Marnie Calvert, FBI agent in Patrick Lee’s “Signal,” smells the bodies before she sees them. A trailer is burned to a crisp, with not much left except a cage holding the corpses of four children. The owner of the trailer is missing.
Sam Dryden’s background includes special ops training with the military. He has left that life behind and now flips houses. His ordinary, peaceful evening is interrupted by a call from trusted former colleague in the military, Claire Dunham. She makes an urgent request of Sam: get in the car immediately and meet her in a spot that is two hours away. Once together, they drive to the trailer at breakneck speed and keep the owner from burning it and everyone in it. When Sam and Claire leave the area, the only corpse is the owner’s.
Yes, you read that correctly. Calvert, Dryden and Dunham have arrived at the same crime scene – just not at the same time and with very different results. The race against, through, and with time, begins.
Patrick Lee’s paradigms of time travel/time shifting are intriguing and part of what compels me to return to his books. Not every book uses time as a plot device, but I love the way Lee’s mind works. In his Travis Chase series, people traveled through a doorway in time to the future and back again. In “Signal,” Lee’s main characters listen to a radio frequency on a device that streams what is reported on the airwaves from the future – a very specific period of time in the future. In this world, time is fluid and actions can be changed before they happen.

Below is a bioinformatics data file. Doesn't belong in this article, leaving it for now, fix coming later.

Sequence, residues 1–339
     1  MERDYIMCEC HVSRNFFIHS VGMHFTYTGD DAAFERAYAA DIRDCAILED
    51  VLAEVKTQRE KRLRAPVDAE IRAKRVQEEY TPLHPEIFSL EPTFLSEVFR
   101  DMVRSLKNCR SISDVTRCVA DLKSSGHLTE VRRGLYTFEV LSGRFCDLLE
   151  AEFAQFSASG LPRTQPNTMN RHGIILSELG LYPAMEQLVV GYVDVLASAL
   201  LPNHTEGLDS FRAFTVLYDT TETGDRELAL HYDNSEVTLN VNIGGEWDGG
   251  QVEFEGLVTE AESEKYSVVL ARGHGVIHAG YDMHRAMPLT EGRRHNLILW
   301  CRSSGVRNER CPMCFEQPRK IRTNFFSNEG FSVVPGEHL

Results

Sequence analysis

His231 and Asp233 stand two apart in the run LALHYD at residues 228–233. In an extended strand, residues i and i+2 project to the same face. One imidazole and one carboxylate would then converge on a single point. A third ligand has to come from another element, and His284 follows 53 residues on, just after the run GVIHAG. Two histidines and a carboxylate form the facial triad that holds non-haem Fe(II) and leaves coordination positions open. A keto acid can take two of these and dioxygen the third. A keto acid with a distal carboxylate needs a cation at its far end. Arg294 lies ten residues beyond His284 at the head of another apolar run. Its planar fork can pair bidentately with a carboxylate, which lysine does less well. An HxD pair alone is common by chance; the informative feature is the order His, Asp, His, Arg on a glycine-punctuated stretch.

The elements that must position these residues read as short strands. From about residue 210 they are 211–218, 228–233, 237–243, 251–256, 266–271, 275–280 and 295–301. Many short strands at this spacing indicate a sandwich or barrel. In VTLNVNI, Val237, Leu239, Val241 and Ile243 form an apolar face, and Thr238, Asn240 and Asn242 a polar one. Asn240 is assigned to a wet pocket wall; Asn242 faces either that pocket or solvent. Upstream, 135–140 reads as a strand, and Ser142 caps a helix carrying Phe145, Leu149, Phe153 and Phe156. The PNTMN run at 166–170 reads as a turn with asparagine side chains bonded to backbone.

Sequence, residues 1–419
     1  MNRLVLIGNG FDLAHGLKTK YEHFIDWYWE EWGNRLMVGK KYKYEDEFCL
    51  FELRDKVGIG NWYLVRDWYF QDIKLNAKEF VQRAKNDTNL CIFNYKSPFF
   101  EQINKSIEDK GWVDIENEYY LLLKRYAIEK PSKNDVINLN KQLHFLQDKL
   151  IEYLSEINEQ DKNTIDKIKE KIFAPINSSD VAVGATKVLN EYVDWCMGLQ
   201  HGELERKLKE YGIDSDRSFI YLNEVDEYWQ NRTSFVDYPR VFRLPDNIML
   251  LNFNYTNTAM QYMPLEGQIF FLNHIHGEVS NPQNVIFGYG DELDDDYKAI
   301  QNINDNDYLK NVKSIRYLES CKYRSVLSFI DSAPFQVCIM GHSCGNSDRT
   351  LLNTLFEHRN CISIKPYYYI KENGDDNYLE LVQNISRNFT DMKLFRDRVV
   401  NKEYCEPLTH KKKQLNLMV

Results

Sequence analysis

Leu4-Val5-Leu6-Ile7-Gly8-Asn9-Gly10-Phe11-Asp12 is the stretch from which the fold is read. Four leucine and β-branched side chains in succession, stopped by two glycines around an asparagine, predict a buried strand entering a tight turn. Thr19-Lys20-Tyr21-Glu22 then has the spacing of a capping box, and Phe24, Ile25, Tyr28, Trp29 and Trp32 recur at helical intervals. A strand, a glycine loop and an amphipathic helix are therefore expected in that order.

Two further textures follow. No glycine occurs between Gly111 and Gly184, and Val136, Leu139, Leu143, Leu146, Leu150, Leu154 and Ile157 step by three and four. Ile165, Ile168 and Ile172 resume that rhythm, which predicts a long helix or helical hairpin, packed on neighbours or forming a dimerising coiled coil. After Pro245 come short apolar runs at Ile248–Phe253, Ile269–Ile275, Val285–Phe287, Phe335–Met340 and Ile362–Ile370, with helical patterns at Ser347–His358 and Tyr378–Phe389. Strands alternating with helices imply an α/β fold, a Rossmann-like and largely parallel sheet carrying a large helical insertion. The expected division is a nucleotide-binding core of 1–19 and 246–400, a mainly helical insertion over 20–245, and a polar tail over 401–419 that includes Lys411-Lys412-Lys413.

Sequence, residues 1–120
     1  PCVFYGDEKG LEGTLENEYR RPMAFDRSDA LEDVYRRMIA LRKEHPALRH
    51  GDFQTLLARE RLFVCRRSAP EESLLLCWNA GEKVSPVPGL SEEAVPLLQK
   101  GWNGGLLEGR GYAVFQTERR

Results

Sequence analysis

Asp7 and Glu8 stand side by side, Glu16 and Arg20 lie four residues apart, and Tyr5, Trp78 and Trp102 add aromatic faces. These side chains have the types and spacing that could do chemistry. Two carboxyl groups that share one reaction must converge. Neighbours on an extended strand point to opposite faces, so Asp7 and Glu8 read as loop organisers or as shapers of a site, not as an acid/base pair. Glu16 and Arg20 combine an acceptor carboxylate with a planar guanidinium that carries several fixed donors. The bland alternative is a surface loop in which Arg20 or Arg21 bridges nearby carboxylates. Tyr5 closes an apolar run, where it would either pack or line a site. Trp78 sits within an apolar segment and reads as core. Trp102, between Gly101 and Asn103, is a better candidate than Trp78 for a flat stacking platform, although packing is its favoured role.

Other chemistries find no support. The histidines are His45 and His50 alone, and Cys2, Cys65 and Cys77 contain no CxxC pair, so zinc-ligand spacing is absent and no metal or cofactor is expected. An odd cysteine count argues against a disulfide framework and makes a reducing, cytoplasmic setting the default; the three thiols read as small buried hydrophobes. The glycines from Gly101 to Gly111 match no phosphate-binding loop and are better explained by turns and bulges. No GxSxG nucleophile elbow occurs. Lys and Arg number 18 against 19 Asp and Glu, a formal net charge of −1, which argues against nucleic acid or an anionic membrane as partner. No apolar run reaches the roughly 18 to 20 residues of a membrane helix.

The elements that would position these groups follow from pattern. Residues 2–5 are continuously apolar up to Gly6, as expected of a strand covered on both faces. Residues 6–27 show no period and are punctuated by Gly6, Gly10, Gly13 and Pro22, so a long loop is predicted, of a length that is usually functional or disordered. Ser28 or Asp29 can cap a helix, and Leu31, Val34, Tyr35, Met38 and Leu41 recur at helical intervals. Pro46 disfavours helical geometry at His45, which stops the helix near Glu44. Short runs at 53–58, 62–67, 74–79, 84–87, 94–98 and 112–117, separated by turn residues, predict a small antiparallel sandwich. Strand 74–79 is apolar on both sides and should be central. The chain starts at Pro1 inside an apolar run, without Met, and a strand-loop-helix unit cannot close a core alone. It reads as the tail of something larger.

Imagine if that power was held by people with decades to plan and reshape the future for their own agendas? Nothing good could come of it. Murder, kidnapping, torture? They’ll do anything to get the device that led Claire to the trailer.
In “Signal,” Lee deftly handles the time paradox challenges of adjusting actions in response to hearing the consequences. Any modification in events affects everyone in the timeline continuum for all time, and Lee uses that effectively to keep us absorbed. He gives us just enough information about how it all works without too much science-speak or theory that might take us out of the story.
Whose reality will control the tale? Can this knowledge ever be used for good? If your “enemy knows your mistakes before you make them,” how can you survive the battle? The answers will keep you turning the pages all night long, because “Signal” is flat out stay-awake reading. And not just because of the time-travel component or the pulse-pounding action. Lee’s characters have depth, a back story, and believable reasons for what they do, be it for good or very questionable motives.